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Survey of knowledge on how to combat microorganisms

A comprehensive knowledge of the synthesis of organisms and the utilisation of the compound PRPP may be useful in efforts to develop methods for combating microorganisms that can infect humans and other mammals. An international research team has now made a complete list of results in the field.

2017.01.02 | Lisbeth Heilesen

An example of a structure of PRPP synthase. Figure: Kasper Røjkjær Andersen.

The team's research adorns the cover of Microbiology and Molecular Biology Reviews. Cover: Kasper Røjkjær Andersen.

Phosphoribosyl diphosphate, also called PRPP, is an important component of human metabolism. All free-living organisms contain the enzyme PRPP synthase, which catalyses the formation of PRPP. In addition, most species of bacteria, archaea, fungi, and plants use PRPP as a substrate in enzyme-catalysed reactions, as the compound is found in the biosynthesis of purine and pyrimidine nucleotides, the amino acids of histidine and tryptophan, and several cofactors such as NAD. Therefore, the synthesis of PRPP constitutes the branching point of a network of biochemical reactions.

Together with researchers from the Technical University of Denmark (Mogens Kilstrup and Jan Martinussen), the University of Copenhagen (Martin Willemoës) and the University of Illinois (Robert L. Switzer), Kasper Røjkjær Andersen and Bjarne Hove-Jensen have studied the present literature on the synthesis and utilisation of PRPP in microorganisms and multicellular organisms, such as the human being. As PRPP is found in many different biochemical processes, the synthesis of PRPP can be a target for the development of antibiotics that specifically affect the nucleic acid and protein synthesis of infectious microorganisms, and therefore an overall knowledge about PRPP is an important step for the development of new types of antibiotics.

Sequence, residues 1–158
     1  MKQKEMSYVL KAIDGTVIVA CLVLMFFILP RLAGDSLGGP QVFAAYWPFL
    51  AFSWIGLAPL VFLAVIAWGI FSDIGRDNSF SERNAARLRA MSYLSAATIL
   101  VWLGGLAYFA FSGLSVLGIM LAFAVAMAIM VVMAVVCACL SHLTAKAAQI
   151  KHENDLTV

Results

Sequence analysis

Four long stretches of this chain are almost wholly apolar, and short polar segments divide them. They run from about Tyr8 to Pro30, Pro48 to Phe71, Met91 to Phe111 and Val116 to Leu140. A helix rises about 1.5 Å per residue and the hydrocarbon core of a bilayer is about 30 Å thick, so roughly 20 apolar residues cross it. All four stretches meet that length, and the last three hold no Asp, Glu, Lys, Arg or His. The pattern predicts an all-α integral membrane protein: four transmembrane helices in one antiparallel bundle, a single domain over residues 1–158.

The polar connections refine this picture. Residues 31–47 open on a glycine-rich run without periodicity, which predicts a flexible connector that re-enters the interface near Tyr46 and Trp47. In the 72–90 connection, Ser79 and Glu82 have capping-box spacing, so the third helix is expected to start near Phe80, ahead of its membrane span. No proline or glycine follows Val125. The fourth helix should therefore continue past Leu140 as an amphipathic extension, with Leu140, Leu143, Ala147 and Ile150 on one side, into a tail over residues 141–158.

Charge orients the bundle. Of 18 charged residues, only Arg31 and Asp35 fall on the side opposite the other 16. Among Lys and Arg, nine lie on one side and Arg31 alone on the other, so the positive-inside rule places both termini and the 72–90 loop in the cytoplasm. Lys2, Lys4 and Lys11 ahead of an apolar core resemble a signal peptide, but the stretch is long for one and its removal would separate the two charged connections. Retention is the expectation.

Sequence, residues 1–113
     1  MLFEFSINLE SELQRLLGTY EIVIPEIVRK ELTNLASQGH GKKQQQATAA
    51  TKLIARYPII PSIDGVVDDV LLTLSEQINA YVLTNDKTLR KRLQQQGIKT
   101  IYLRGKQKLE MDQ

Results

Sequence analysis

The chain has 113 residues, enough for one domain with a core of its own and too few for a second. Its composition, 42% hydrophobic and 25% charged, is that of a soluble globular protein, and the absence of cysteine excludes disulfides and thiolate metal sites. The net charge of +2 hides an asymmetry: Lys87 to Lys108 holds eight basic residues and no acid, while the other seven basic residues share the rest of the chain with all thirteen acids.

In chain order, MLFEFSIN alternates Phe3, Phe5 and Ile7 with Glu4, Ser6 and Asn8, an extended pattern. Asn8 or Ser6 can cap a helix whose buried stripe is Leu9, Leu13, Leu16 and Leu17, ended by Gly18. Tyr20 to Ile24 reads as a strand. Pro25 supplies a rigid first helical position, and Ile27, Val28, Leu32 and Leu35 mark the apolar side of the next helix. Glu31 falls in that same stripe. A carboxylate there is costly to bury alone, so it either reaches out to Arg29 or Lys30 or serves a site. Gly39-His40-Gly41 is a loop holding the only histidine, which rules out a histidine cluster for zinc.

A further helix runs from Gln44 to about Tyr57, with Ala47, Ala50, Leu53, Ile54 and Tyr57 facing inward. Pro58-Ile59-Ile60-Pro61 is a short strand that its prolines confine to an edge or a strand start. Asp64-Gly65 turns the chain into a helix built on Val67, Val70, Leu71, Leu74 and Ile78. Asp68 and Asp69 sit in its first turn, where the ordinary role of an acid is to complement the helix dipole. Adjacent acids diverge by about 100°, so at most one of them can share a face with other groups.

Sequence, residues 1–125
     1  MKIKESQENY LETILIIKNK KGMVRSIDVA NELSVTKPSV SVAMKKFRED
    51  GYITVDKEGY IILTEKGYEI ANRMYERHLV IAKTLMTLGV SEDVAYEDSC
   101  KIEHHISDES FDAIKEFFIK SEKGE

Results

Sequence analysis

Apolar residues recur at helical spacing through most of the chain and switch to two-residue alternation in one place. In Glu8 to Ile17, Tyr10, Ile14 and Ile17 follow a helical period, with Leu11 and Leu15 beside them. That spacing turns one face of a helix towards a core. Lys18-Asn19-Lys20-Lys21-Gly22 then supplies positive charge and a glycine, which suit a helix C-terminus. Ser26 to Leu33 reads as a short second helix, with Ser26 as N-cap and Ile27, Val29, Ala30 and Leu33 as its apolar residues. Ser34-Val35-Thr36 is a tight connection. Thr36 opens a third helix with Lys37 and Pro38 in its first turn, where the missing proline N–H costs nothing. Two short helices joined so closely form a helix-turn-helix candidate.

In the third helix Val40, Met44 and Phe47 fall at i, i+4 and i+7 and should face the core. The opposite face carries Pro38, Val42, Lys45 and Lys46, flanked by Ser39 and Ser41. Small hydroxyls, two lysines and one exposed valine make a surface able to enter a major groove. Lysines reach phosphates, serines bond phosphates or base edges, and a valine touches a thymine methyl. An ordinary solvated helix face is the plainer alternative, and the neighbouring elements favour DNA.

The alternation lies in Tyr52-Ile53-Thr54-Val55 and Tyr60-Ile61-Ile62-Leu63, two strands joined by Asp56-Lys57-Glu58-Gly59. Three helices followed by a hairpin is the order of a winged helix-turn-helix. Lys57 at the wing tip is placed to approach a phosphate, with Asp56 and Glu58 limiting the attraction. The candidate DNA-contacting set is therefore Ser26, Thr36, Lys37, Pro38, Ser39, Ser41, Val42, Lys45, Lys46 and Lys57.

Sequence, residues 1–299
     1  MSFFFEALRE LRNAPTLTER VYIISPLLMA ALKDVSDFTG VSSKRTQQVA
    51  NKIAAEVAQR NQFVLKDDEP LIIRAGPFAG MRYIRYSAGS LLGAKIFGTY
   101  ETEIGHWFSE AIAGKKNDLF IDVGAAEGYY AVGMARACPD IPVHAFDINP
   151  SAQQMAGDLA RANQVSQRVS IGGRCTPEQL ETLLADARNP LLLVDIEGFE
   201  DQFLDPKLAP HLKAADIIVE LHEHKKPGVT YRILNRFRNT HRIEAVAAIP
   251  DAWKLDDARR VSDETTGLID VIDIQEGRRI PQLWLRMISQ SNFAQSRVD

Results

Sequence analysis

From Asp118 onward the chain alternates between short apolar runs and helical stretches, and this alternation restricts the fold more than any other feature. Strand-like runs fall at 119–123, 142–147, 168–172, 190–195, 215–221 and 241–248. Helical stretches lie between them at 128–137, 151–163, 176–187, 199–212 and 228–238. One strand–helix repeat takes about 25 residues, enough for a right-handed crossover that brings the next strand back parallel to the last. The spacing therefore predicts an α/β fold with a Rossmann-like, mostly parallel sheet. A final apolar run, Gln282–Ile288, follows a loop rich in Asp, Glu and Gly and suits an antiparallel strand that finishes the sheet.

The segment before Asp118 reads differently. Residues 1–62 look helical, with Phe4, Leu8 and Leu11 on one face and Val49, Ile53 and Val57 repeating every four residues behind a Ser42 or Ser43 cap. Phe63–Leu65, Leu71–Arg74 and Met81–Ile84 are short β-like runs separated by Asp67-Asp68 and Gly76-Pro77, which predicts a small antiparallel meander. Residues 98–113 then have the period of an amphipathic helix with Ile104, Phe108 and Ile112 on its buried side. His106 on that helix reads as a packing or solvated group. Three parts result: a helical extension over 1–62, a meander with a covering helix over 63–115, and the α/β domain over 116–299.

The results of the study have been published in the American Society for Microbiology’s journal Microbiology and Molecular Biology Reviews.


For further information, please contact

Associate Professor Emeritus Bjarne Hove-Jensen
hove@mbg.au.dk

Assistant Professor Kasper Røjkjær Andersen
kra@mbg.au.dk – +45 8715 4928

Department of Molecular Biology and Genetics
Aarhus University, Denmark

Research